Gargoyles, Elisa is at one point seriously injured when Broadway shoots her while playing with her gun. To be fair, Broadway is a 1,000-year-old gargoyle who had never handled a gun before... but Elisa, a NYPD detective, had left her sidearm, holster and gun belt unattended in another room from where she was (she admits later that she should have known better). This is a case of Reckless Gun Usage for the 1,000 year old gargoyle that has no concept of firearms, and a case of basic breach of common sense for the New York cop who kept a loaded gun holstered and unsecured in her apartment in plain sight and should have known better. Notably, she's much more careful for the rest of the series, and Broadway gains guns as a new Berserk Button.
In The Simpsons episode "The Cartridge Family", Homer buys a gun after riots erupt in Springfield. He proceeds to be very reckless with it, using it to open beers and change the channel (among other things). When the members of the local NRA see him doing this, they chew him out for being so irresponsible and kick him out. Earlier in the episode he hides the gun in the crisper drawer after Marge tells him to get rid of it; Bart finds it by accident, and Marge catches him and Milhouse about to play William Tell with it. The apple is in his mouth.
Also in "$pringfield": frenzied over Lisa's nightmare, Homer believes that the boogeyman is really out there and he brandishes a shotgun which he points at Marge's face when she comes home, upon realizing that she's not the boogeyman he tosses the gun onto the ground, negligently causing it to discharge. Thankfully, no one was hit.
Wiggum is shown in another episode getting chewed out by a Drill Sergeant Nasty for looking down the barrel of his own gun (after firing it very timidly), or what he calls, "Pointsy-Towardsies." Wiggum then uses said gun to massage the back of the drill sergeant, whereupon he negligently shot the cameraman. In a later scene it is shown Wiggum got his position because he gave the mayor the same type of massage.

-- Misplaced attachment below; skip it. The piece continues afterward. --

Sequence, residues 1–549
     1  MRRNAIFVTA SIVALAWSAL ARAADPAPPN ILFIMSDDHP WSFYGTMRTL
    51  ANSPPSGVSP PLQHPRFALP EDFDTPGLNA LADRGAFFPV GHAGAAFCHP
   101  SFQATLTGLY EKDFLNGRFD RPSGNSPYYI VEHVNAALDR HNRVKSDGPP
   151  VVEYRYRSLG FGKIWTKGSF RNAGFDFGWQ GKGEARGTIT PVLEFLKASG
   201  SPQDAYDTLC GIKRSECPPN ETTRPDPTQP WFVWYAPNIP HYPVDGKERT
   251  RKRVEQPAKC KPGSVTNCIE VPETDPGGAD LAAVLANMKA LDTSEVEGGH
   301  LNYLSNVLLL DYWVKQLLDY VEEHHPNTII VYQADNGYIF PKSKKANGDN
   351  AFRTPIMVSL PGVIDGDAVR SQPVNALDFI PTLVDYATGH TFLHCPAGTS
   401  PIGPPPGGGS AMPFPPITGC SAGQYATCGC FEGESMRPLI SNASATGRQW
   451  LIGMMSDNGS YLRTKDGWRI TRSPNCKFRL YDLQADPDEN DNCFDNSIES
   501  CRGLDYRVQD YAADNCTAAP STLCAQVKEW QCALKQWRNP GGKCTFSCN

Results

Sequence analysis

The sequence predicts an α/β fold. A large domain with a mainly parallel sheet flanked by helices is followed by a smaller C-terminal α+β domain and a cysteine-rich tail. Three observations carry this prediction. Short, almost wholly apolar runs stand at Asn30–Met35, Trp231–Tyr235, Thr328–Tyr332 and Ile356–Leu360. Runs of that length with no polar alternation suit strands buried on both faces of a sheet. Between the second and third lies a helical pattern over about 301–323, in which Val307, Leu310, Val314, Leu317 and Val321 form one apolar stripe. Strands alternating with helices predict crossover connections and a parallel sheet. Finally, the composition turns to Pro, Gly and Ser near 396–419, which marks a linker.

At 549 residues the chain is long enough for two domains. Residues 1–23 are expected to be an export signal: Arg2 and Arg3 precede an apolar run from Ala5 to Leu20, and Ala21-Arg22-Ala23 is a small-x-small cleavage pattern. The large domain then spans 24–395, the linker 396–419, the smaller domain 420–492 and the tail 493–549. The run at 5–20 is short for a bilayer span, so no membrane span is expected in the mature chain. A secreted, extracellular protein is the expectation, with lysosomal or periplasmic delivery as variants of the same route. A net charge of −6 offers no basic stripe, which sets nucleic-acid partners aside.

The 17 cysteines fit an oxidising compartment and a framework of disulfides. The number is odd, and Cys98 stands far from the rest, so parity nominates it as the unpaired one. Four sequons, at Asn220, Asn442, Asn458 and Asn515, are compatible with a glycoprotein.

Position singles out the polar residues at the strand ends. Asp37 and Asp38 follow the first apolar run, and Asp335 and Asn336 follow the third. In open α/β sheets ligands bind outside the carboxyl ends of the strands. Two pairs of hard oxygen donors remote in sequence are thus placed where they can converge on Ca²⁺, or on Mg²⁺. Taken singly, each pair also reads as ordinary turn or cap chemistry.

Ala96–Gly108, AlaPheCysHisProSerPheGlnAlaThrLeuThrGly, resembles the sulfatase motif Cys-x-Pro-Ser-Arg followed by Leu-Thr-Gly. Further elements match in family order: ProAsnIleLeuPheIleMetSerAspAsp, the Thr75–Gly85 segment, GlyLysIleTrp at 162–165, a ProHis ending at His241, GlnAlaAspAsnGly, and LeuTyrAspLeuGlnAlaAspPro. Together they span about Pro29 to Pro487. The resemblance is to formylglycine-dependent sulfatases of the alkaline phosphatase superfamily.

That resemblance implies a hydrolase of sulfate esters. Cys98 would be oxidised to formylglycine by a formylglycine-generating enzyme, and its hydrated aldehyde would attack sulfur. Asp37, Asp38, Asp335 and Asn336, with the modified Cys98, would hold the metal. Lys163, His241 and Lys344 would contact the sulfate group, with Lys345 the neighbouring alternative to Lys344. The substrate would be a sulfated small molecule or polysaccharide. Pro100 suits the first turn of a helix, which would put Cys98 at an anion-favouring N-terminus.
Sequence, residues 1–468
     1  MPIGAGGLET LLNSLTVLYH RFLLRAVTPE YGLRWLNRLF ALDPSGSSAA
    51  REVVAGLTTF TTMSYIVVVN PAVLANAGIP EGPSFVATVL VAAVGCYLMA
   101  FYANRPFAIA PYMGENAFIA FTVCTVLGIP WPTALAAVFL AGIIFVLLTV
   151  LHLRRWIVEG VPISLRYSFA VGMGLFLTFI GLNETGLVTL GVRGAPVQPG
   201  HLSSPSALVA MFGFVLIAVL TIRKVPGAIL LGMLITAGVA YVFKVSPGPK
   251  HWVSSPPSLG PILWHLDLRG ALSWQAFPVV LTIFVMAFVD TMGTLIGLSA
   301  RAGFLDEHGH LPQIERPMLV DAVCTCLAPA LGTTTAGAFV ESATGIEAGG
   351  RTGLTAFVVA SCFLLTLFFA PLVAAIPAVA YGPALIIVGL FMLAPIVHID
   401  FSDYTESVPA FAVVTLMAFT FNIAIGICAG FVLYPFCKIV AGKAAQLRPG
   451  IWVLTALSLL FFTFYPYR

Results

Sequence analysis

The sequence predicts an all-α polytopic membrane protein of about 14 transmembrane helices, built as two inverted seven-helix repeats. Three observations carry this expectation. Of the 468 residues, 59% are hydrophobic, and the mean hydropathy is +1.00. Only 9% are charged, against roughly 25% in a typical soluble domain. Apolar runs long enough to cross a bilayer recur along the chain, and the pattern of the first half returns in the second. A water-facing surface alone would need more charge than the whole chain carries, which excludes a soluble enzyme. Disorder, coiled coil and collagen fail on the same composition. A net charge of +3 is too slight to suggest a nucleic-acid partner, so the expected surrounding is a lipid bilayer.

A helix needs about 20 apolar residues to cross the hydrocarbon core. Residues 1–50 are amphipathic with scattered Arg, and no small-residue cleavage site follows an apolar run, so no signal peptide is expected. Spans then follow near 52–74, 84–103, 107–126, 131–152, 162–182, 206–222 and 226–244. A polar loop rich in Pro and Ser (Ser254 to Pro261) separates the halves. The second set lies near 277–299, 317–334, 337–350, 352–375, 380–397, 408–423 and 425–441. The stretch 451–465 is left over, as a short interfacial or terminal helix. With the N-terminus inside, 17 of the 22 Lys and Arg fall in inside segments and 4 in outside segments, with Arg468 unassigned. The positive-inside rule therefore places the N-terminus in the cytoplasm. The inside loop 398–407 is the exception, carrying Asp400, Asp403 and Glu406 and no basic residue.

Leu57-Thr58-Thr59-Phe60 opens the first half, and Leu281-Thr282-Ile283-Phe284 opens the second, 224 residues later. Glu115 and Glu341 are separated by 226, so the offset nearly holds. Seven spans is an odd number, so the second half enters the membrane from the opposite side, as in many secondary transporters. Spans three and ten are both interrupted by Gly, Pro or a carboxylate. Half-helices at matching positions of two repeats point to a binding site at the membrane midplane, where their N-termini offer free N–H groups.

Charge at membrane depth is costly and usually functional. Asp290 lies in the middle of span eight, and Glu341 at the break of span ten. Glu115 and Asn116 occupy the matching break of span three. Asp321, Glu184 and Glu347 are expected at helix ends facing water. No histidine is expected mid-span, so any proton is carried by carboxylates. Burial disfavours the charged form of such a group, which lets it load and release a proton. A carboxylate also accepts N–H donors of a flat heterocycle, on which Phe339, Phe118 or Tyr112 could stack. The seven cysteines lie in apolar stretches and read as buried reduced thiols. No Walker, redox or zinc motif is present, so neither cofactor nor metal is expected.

Wiggum also uses the butt of his gun to crack nuts open and then shoots one of them when he is unsuccessful.
Batman: The Animated Series, episode "The Underdwellers": While being chased by Alfred, a young hooligan in the Wayne mansion discovers a collection of antique firearms. He grabs a blunderbuss off the wall and proceeds to wave it around like a toy. Alfred immediately backs off, but Batman jumps in and grabs the gun out of the boy's hands. Batman notes, "It's not loaded, but it could have been."
Captain Planet and the Planeteers, Wheeler had been showing off his gun-twirling skills with a loaded revolver. The gun went off but since it's a cartoon, it hit the sign, making it fall and hit Ma-Ti on the head.
In Top Cat, in trying to help Choo-Choo woo a lady cat, TC ends up drawing pistols at high noon with the lady's actual boyfriend. Of course, he rigs the duel beforehand and has Benny replace everyone's bullets with blanks, and then he feigns a fatal injury so his "Heroic Sacrifice" would get him back into everyone's good graces. Turns out, though, that Benny didn't have time to switch out the bullets, at which point TC stares at the bullethole going through the middle of his hat and faints dead away.
Actor Jon-Erik Hexum killed himself on the set of the series Cover Up by playing with a .44 Magnum handgun. Joking around during a delay in filming, he put the gun to his temple and pulled the trigger. Because the gun was loaded with blank cartridges, Hexum evidently thought it was harmless, but he was still setting off a gunpowder explosion next to his head. The detonation shattered his skull and drove a fragment of it into his brain, wounding him fatally.
The page quote (allegedly) comes from the incident that led to Terry Kath's death. He was cleaning a pistol, and when one of his friends was worried about it, Kath pointed out that the clip wasn't in the gun to reassure everyone. He showed them that there weren't any bullets in the magazine, then put it back in, put it against his head, and pulled the trigger. There was a bullet in the chamber.